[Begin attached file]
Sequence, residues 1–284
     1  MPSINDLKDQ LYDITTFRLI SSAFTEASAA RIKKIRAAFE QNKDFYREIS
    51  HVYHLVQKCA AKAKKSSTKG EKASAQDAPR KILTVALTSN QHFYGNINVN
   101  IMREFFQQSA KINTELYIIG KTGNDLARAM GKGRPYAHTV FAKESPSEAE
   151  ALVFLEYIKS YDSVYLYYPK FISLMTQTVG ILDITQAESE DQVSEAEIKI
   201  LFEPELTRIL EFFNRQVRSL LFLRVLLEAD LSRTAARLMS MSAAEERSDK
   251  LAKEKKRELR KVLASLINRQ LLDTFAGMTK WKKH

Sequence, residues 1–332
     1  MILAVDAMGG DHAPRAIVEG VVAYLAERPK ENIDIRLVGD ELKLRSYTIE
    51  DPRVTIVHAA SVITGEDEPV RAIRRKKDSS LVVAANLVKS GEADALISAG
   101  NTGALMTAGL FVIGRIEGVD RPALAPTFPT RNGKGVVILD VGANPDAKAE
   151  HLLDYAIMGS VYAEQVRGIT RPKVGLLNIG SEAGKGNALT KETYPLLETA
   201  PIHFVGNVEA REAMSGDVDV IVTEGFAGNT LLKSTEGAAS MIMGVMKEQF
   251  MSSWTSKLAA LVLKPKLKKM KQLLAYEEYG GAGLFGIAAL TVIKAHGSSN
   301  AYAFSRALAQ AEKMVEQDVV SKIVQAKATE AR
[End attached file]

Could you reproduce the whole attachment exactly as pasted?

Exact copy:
Sequence, residues 1–284
     1  MPSINDLKDQ LYDITTFRLI SSAFTEASAA RIKKIRAAFE QNKDFYREIS
    51  HVYHLVQKCA AKAKKSSTKG EKASAQDAPR KILTVALTSN QHFYGNINVN
   101  IMREFFQQSA KINTELYIIG KTGNDLARAM GKGRPYAHTV FAKESPSEAE
   151  ALVFLEYIKS YDSVYLYYPK FISLMTQTVG ILDITQAESE DQVSEAEIKI
   201  LFEPELTRIL EFFNRQVRSL LFLRVLLEAD LSRTAARLMS MSAAEERSDK
   251  LAKEKKRELR KVLASLINRQ LLDTFAGMTK WKKH

Sequence, residues 1–332
     1  MILAVDAMGG DHAPRAIVEG VVAYLAERPK ENIDIRLVGD ELKLRSYTIE
    51  DPRVTIVHAA SVITGEDEPV RAIRRKKDSS LVVAANLVKS GEADALISAG
   101  NTGALMTAGL FVIGRIEGVD RPALAPTFPT RNGKGVVILD VGANPDAKAE
   151  HLLDYAIMGS VYAEQVRGIT RPKVGLLNIG SEAGKGNALT KETYPLLETA
   201  PIHFVGNVEA REAMSGDVDV IVTEGFAGNT LLKSTEGAAS MIMGVMKEQF
   251  MSSWTSKLAA LVLKPKLKKM KQLLAYEEYG GAGLFGIAAL TVIKAHGSSN
   301  AYAFSRALAQ AEKMVEQDVV SKIVQAKATE AR